O wind, rend open the heat, cut apart the heat, rend it to tatters. (1-3)
Whether this heat is just heat, or it's a metaphor for lust, it seems our speaker's not thrilled with it. She wants the wind to take it away, and her diction is pretty violent. Is lust ruining her life? Does she need the wind, or does she need a cold shower?
fruit cannot fall into heat that presses up and blunts the points of pears and rounds the grapes. (6-9)
Here the heat is described as the cause of the fruit's ripening. It's not a far leap from ripening to sexual maturation. And let's not forget the role of fruit in that whole Adam and Eve and the expulsion from Eden thing. Desire may be part of maturation, but it can have some pretty scary consequences too.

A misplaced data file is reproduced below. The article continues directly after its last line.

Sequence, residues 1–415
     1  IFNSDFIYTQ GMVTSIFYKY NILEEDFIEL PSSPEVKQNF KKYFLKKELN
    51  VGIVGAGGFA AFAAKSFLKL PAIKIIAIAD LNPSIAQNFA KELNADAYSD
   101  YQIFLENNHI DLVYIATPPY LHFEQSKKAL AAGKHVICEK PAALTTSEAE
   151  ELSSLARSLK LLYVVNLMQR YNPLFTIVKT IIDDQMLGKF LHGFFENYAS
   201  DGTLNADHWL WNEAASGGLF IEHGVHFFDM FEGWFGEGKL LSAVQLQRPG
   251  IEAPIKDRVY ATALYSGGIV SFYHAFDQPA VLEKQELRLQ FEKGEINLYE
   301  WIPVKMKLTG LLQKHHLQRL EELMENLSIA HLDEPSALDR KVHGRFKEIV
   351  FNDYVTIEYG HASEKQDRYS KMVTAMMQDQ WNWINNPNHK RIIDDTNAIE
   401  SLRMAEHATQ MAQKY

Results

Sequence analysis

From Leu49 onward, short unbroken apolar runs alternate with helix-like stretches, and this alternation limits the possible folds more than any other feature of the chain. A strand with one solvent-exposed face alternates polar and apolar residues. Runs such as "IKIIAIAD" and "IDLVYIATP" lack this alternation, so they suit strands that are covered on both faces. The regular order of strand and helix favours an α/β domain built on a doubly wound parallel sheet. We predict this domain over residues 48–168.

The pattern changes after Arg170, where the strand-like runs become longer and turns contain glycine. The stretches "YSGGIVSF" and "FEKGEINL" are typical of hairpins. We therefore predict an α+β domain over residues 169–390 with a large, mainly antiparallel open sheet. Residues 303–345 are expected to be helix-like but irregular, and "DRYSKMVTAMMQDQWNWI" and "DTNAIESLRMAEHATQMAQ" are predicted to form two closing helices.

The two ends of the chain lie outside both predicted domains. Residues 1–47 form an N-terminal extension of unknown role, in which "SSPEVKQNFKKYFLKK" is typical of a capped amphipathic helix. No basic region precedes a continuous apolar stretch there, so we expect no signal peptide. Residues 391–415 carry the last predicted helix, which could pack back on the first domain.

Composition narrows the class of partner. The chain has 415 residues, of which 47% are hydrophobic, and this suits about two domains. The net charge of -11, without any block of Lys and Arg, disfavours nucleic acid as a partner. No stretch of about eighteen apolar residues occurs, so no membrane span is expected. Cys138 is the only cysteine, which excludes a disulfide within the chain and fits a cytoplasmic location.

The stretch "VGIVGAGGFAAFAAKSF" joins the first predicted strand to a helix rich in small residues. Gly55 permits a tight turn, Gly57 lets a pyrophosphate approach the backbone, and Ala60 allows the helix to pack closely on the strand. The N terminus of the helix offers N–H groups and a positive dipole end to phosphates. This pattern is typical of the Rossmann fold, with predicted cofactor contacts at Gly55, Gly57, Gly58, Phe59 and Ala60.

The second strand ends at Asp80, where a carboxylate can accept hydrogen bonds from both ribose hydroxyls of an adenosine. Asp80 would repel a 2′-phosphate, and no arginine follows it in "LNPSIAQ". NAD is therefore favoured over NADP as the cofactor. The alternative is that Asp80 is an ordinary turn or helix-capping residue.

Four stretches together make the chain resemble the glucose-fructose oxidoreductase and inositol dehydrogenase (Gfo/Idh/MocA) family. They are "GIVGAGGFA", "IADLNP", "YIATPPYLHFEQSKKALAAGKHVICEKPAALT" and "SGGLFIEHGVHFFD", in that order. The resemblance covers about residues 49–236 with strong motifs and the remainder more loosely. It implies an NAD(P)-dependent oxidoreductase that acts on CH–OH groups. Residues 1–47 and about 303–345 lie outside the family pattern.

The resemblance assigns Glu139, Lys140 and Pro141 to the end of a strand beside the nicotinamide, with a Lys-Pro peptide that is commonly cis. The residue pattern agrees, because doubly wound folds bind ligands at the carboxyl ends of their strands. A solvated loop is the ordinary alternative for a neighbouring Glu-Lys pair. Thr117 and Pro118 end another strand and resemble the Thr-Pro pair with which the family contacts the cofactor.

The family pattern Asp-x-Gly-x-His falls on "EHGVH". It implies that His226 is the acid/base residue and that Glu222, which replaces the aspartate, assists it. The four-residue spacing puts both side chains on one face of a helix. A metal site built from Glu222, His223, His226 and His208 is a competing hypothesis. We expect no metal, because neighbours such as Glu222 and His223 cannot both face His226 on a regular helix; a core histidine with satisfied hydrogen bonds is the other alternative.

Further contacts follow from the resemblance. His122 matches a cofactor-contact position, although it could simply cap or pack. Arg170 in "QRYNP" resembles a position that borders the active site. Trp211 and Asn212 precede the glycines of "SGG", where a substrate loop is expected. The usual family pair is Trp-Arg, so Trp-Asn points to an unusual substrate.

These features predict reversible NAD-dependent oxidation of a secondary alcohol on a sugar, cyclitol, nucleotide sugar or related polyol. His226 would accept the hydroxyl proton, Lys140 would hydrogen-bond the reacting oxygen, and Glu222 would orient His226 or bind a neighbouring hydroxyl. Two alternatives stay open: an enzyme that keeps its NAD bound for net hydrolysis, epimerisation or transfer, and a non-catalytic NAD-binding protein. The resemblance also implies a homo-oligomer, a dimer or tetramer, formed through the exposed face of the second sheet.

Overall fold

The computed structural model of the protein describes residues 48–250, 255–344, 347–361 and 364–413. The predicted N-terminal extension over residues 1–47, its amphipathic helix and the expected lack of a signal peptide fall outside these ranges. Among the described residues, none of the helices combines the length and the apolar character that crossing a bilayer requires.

Cut the heat— plough through it, turning it on either side of your path. (10-13)
Our speaker seems really insistent here. She is so over this heat. And yet we detect some sexual innuendos in these lines. Is ploughing a metaphor for intercourse? Maybe the speaker doesn't want the wind; maybe she wants to get it on.